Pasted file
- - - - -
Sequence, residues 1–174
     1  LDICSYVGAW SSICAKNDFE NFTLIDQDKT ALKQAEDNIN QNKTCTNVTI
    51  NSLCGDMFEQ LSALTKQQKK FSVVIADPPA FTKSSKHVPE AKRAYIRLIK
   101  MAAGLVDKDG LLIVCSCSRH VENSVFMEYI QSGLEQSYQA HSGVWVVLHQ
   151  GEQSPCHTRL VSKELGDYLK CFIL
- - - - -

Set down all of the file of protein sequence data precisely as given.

Sequence, residues 1–174
     1  LDICSYVGAW SSICAKNDFE NFTLIDQDKT ALKQAEDNIN QNKTCTNVTI
    51  NSLCGDMFEQ LSALTKQQKK FSVVIADPPA FTKSSKHVPE AKRAYIRLIK
   101  MAAGLVDKDG LLIVCSCSRH VENSVFMEYI QSGLEQSYQA HSGVWVVLHQ
   151  GEQSPCHTRL VSKELGDYLK CFIL